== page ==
(Still) Accelerating Food Analysis
In the very first issue of The Analytical Scientist, we discussed methods to determine mineral oil contamination of foodstuffs – arguing that faster, more environmentally-friendly, and higher resolution methods were needed. Well, did we get there?
Luigi Mondello, Mariosimone Zoccali, Peter Tranchida | | 2 min read | Opinion
Mineral oil hydrocarbons (MOH – for example, saturated and aromatic hydrocarbons) – are probably the most abundant contaminants in the human body, with accumulation through nutrition starting very early on; mineral oil derivatives have been found in human milk (1). In addition to MOH, other hydrocarbon contaminants may be found in food, including polyolefin oligomeric hydrocarbons (POH) (2). Over the past three decades, a diversity of food products (vegetable oils, pasta, and so on) have been found to contain petroleum-derived compounds – sometimes at high concentration levels (3). Due to its toxicity, the aromatic hydrocarbon fraction has gained more emphasis and concern.
The analytical determination of such lipophilic food contaminants is, by no means, a straightforward task. Vegetable oils are usually treated with a liquid chromatography (LC) sample preparation step, with the objective of separating the matrix (mainly triacylglycerols) from the MOH (the LC step can also be exploited to perform an intra-class MOH separation). Next, one or more LC fractions are subjected to gas chromatography (GC) – or more recently comprehensive two-dimensional GC (GC×GC) with flame ionization detection (FID – for quantification) and mass spectrometry (MS – for identification) (4). For other foods, we must extract the lipophilic food contaminants using organic solvents (5). In general, on-line LC-GC-FID has been a very popular choice in this applicational field (6).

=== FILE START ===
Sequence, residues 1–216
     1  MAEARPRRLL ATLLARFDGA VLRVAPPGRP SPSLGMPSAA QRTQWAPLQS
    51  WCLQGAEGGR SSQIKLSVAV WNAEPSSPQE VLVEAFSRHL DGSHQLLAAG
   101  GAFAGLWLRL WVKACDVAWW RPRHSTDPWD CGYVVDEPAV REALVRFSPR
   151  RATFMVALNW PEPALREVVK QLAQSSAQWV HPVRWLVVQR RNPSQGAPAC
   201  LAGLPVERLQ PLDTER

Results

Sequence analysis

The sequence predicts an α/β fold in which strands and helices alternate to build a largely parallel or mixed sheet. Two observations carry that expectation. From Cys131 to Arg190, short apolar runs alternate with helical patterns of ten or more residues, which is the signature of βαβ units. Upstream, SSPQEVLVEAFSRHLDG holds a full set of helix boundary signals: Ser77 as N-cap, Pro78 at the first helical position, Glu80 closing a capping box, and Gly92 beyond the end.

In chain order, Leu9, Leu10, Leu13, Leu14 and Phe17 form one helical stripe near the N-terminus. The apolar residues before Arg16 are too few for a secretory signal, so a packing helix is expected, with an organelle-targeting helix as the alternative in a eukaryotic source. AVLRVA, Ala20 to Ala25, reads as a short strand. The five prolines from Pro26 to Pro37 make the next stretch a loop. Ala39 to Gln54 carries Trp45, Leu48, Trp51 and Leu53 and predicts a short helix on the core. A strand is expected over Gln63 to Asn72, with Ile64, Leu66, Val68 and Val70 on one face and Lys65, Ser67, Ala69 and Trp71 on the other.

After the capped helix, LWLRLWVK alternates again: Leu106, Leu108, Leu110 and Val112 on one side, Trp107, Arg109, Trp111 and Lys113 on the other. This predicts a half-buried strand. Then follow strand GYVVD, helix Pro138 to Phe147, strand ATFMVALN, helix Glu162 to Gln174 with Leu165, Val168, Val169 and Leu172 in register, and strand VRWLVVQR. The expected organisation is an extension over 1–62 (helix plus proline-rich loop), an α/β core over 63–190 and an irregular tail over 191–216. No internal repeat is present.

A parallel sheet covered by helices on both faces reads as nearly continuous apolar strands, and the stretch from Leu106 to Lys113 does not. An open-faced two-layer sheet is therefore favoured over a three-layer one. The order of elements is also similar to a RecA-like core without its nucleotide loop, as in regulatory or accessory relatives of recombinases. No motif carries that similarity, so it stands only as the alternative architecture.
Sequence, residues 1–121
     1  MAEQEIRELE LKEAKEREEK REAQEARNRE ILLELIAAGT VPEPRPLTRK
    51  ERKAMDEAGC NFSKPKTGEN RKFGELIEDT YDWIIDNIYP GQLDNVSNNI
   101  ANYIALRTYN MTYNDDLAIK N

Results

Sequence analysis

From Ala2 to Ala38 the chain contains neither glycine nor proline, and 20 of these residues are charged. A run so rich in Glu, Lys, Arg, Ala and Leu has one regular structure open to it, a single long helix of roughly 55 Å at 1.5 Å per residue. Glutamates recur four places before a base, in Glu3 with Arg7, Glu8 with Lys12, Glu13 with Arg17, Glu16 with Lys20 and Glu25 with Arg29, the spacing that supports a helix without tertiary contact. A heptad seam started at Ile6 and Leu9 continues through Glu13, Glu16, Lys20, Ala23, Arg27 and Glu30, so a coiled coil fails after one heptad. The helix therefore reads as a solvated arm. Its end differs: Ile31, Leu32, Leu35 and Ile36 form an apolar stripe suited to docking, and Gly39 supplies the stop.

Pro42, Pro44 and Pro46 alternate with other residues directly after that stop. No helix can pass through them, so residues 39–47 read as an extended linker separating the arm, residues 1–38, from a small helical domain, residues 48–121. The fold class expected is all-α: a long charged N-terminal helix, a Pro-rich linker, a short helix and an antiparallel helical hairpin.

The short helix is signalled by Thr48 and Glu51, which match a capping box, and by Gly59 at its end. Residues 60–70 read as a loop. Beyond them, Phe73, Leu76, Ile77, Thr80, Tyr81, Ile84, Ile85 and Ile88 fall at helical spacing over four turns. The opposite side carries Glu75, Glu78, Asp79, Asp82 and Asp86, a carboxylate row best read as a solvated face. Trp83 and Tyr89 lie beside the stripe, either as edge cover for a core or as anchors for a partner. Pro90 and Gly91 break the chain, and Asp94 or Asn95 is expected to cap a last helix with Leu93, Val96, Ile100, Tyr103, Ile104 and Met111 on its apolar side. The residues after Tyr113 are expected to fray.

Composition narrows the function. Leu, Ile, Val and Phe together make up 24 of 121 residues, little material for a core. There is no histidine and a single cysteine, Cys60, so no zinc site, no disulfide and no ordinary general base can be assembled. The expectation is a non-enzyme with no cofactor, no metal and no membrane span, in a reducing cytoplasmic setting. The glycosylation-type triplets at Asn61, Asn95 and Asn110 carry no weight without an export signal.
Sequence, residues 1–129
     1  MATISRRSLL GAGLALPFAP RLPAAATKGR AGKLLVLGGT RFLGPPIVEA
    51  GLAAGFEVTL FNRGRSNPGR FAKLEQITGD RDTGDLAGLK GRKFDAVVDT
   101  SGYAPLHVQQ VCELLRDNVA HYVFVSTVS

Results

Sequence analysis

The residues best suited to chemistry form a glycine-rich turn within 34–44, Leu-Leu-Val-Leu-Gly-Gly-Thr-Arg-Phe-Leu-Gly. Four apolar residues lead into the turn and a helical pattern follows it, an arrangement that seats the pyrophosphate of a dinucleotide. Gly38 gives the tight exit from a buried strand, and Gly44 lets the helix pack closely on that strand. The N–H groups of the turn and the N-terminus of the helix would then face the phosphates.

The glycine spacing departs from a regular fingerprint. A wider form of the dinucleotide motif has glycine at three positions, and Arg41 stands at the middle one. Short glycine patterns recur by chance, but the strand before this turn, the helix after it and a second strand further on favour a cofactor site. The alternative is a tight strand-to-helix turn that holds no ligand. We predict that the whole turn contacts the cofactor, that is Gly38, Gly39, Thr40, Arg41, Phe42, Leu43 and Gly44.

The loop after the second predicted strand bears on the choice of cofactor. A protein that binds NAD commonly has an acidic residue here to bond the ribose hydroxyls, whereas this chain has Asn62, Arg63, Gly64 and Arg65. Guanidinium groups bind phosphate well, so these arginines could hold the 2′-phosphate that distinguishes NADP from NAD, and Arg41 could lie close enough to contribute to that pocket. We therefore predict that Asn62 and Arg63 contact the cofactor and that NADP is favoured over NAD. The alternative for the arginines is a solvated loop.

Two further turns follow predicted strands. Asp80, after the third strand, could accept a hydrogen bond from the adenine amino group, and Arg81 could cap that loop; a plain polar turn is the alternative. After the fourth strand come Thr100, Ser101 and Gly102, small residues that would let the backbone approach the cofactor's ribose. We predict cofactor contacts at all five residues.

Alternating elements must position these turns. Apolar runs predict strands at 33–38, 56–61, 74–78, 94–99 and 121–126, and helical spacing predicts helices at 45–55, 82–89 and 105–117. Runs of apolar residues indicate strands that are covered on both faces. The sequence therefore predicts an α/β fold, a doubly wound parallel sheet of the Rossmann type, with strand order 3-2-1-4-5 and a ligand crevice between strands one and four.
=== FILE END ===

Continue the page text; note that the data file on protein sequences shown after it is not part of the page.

In our article 10 years ago, we made the case for faster, more environmentally-friendly, and higher resolution methods. In such a respect, one of the first things that still comes to mind when observing the literature, recent and past, is the common use of high volumes of hazardous organic solvents – which we discussed upon in our original article. Having said that, higher resolution methods are now gradually earning space: GC×GC-FID/MS (with cryogenic modulation) – a technique which provides enhanced separation space, selectivity, and signal-to-noise ratios (compared to GC-FID/MS) – appears to be an appropriate choice that is also able to separate MOH and other types of hydrocarbons (for example, POH) (7).
Overall, some progress has been made since 2013, particularly in terms of the development and use of on-line higher resolution methods (e.g., LC-GC×GC-FID/MS) What is probably most lacking today is miniaturization on the sample preparation side – specifically, we need a more environmentally-friendly means of isolating and concentrating the MOH from the food matrix ahead of the main analytical determination through GC×GC-FID/MS. A further drawback is the current operational expertise and instrumental maintenance requirements (especially as far as the LC-GC coupling is concerned); here, the question must be: could the LC step be avoided in some manner? A final general note must be devoted to data interpretation, which can be a highly complex issue – any improvements here are most welcome!
- N Concin et al., Food Chem Toxicol, 46 (2008). DOI:10.1016/j.fct.2007.08.036
- A Hochegger et al., Trends Food Sci Technol, 113 (2021). DOI:10.1016/j.tifs.2021.03.021
- M Biedermann et al., J Chromatogr A, 1521 (2017). DOI:10.1016/j.chroma.2017.09.028
- G Bauwens et al., J Chromatogr A, 1677 (2022). DOI:10.1016/j.chroma.2022.463208
- S Moret et al., Food Chem, 196 (2016). DOI:10.1016/j.foodchem.2015.09.032
- M Zoccali et al., J Chromatogr A, 1648 (2021). DOI:10.1016/j.chroma.2021.462191
- G Bauwens et al., J Chromatogr A, 1643 (2021). DOI:10.1016/j.chroma.2021.462044